Written by Laura Bampfylde, Director, Global Assets – Wealth, at Redington
One of the most enlightening books I’ve read was written by husband-and-wife psychologists, Alan and Barbara Pease, called Why Men Don’t Listen and Women Can’t Read Maps. It explores evolutionary differences between (neurotypical) male and female brains. There’s a section on language and, notably, the difference in perception of words like ‘fine’.
For example, ‘fine’ may have positive connotations in the context of ‘fine wine’, ‘fine dining’ or ‘fine art’, but less so if one says, “You look fine, darling!” or “I’m fine”.
So maybe it’s just my brain, but during conversations we have with wealth managers and financial advice firms about their fund selection processes, I’m always surprised when they say that the technology they use to aid research and oversight is ‘fine’.
In May, we worked with NextWealth on a study exploring the technology being used by firms within their investment propositions. This broad remit covered everything from platforms to quantitative fund data tools and order management systems. Technology was noted as one of the biggest challenges firms face while growing their businesses, maximising efficiencies and minimising risk – ultimately, they need to keep pace with client and industry expectations. So why was ‘spreadsheets’ one of the most frequently named technologies across the report?
When it comes to tracking investment decision-making, the report corroborated what I often hear in the market; the most used tools are still Excel, Word and Sharepoint. It’s a perfect example of ‘we’ve always done it this way’, coined the most dangerous phrase in our language by Rear Admiral Grace Hopper. It may appear sufficient in a BAU environment, but the flaws in an unevolved setup can really start to show when scrutiny is placed on the decisions themselves.
For example, let’s say a fund that’s on a firm’s approved list and held within client portfolios falls suddenly and publicly out of favour (it does happen!), the firm’s compliance department and boards will likely have questions: When did the research team first have concerns? What questions had they asked the fund manager? When did they take action?
If the records relating to the decision-making are stored unsystematically across emails, Word documents and Excel spreadsheets, collating a response could take weeks – weeks of “Ctrl+F”, trawling through notes to try and untangle years’ worth of dialogue and communications. And an internal review is one thing – but what if it’s a client or the FCA asking the questions?
Whatever the context, good governance and record-keeping always feed into a sense of trust, which is often cited as the number one reason clients value their financial adviser. And today, better data, powered by a specialist tech solution, can be a powerful tool for bolstering those processes.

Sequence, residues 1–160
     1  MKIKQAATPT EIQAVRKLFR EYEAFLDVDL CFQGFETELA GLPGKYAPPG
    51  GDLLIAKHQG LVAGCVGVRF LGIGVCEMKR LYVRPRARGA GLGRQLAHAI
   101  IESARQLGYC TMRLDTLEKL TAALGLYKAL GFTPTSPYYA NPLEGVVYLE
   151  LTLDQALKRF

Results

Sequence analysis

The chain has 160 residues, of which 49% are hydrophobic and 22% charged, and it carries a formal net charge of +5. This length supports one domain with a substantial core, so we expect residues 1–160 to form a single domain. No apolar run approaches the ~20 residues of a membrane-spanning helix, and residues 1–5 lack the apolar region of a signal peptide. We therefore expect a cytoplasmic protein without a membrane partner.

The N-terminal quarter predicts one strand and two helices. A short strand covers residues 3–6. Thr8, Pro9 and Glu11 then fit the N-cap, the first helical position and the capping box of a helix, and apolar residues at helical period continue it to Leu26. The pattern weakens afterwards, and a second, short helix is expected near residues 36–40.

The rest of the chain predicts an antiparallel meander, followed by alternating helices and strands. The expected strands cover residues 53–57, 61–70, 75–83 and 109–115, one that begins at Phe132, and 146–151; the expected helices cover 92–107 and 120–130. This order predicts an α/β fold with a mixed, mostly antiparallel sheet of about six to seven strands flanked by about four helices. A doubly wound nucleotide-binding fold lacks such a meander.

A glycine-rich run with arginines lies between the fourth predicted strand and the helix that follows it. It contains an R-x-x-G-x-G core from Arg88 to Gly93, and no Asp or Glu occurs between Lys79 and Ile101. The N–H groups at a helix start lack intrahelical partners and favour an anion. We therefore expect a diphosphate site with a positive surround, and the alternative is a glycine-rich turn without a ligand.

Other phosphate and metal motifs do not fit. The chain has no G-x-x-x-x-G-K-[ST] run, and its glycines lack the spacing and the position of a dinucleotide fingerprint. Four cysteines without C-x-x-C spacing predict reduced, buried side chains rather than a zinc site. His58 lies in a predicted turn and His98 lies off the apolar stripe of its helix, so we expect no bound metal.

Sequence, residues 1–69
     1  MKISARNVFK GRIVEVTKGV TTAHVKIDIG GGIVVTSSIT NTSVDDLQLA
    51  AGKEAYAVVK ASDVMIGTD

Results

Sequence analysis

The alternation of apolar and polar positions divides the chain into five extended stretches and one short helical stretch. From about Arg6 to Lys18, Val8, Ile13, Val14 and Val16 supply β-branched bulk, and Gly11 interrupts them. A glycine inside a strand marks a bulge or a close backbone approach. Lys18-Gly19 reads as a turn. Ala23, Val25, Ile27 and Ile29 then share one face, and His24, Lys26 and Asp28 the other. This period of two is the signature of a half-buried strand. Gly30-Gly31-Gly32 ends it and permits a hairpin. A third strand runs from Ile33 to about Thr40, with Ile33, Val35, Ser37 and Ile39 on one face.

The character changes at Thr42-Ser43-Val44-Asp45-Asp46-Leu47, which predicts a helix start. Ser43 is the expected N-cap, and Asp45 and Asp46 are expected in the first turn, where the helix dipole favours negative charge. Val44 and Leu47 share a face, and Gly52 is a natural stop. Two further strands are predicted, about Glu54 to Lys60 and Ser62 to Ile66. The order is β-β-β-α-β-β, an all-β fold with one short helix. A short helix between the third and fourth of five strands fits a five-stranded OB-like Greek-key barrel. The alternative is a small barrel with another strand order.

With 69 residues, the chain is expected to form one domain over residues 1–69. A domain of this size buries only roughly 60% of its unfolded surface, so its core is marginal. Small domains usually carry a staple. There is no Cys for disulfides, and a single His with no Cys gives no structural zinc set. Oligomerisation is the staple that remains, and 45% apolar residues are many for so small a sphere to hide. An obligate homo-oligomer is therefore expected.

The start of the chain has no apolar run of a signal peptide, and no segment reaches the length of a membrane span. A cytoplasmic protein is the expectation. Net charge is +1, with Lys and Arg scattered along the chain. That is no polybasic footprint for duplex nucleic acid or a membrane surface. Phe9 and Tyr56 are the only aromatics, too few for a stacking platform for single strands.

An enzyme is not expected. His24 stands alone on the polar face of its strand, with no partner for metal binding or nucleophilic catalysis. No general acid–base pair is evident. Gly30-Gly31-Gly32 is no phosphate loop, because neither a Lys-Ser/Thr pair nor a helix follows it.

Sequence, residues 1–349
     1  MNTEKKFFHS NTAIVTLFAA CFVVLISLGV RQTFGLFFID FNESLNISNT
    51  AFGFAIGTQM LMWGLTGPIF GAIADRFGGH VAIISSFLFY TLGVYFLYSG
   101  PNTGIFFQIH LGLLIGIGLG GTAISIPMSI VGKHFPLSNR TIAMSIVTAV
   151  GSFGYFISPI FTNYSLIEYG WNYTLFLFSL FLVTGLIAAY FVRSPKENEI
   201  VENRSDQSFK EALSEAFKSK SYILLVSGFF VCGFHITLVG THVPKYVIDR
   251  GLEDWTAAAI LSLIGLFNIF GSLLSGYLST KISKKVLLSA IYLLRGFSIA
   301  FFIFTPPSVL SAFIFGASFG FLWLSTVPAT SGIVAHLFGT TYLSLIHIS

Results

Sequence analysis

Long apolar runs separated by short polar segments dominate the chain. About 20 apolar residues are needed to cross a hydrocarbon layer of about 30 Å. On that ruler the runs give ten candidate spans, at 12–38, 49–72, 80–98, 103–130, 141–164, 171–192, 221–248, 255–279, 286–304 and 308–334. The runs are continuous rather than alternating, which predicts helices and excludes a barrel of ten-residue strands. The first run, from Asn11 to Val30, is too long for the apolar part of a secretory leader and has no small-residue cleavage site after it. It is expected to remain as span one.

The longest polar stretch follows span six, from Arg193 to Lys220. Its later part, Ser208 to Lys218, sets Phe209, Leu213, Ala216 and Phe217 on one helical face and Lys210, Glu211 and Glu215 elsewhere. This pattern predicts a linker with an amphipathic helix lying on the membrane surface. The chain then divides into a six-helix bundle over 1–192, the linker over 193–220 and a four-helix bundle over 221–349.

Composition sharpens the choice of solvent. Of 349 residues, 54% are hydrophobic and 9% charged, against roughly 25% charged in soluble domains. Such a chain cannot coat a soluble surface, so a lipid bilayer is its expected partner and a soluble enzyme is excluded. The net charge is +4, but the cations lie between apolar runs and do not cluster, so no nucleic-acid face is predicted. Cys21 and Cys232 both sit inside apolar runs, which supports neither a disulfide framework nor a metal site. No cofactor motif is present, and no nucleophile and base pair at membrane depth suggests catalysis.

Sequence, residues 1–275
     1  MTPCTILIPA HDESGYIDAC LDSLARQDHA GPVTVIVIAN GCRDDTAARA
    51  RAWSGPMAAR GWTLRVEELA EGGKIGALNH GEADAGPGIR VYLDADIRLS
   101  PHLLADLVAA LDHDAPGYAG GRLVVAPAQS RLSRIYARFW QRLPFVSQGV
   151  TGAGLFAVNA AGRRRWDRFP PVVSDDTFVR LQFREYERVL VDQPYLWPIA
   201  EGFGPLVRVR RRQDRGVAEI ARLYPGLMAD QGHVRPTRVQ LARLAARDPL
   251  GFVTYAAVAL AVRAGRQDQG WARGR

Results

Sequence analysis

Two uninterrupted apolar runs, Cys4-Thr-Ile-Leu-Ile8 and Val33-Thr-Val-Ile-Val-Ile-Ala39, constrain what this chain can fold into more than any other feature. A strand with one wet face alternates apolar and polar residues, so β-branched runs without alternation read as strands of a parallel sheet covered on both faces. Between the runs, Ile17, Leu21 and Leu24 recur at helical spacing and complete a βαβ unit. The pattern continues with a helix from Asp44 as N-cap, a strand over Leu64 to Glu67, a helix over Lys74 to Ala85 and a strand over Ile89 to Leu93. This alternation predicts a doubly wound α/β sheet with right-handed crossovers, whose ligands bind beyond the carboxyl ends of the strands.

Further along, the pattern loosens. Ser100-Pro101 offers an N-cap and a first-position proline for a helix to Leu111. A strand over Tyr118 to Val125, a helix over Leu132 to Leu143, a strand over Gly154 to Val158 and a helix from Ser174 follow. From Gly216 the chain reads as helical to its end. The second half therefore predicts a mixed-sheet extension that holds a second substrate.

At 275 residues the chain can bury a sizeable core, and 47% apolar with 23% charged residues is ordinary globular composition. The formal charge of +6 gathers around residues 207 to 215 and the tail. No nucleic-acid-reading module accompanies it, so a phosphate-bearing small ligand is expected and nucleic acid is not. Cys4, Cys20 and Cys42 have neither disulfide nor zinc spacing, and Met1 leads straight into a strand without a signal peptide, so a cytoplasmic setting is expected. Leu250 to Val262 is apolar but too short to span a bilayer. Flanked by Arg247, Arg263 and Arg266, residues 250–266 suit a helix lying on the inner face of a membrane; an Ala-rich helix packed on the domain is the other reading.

The majority of firms we speak to do have robust fund research processes that could only be described as ‘excellent’. They screen a fund universe of thousands, narrow them down to a shortlist, meet and scrutinise the shortlisted fund managers and have investment committees debate and ratify the ultimate fund selection. Clients can have complete faith in the intellectual capital behind their portfolios.
However, the recordkeeping – capturing the qualitative reasoning behind how they got from a shortlist of 50 fund options down to the final one or two, the minutiae of the decision – is usually only ‘fine’.
The NextWealth study I mentioned earlier found that the most common place to store investment decisions is in the minutes of the investment committee meetings. Firms said that recommendations to change a holding or rating for a fund would need to be made by the investment committee, and the minutes are where decisions and their rationale are tracked. But whilst this might do the job, it’s not futureproofed. Why search through file after file because you can’t remember in which month’s meeting that particular discussion was had?
The technology exists to surface this information at the click of a button, track through to when changes were made in portfolios, and trace the impact on subsequent performance – so why aren’t firms using it?
Is ‘good enough’ good enough
I come back to the meaning of ‘fine’. The Oxford dictionary offers two definitions: of very high quality – adjective; or, in a satisfactory manner – adverb. What does it mean to you?
The wealth management industry is going through a state of change, with consolidation, a new generation of investors to engage and an ever-changing regulatory landscape among the key factors. New technologies exist to help with many of these, but which should you choose, and in what order?
Many processes within firms’ investment propositions need wholesale change to keep pace with client expectations and growth ambitions, but many are are ‘good enough’. I argue that these are the ones you should tackle first, making improvements to, and systematising, an existing well-oiled process.
Workarounds and ‘it’ll do’ when it comes to the governance and record-keeping of fund selection, one day, won’t do. And the opportunity exists today to capture better data with purpose-built technology, and to use it to power more efficient research, audit-quality oversight and more informed decision-making. Let’s stop using ‘fine’ in this context, and strive for better.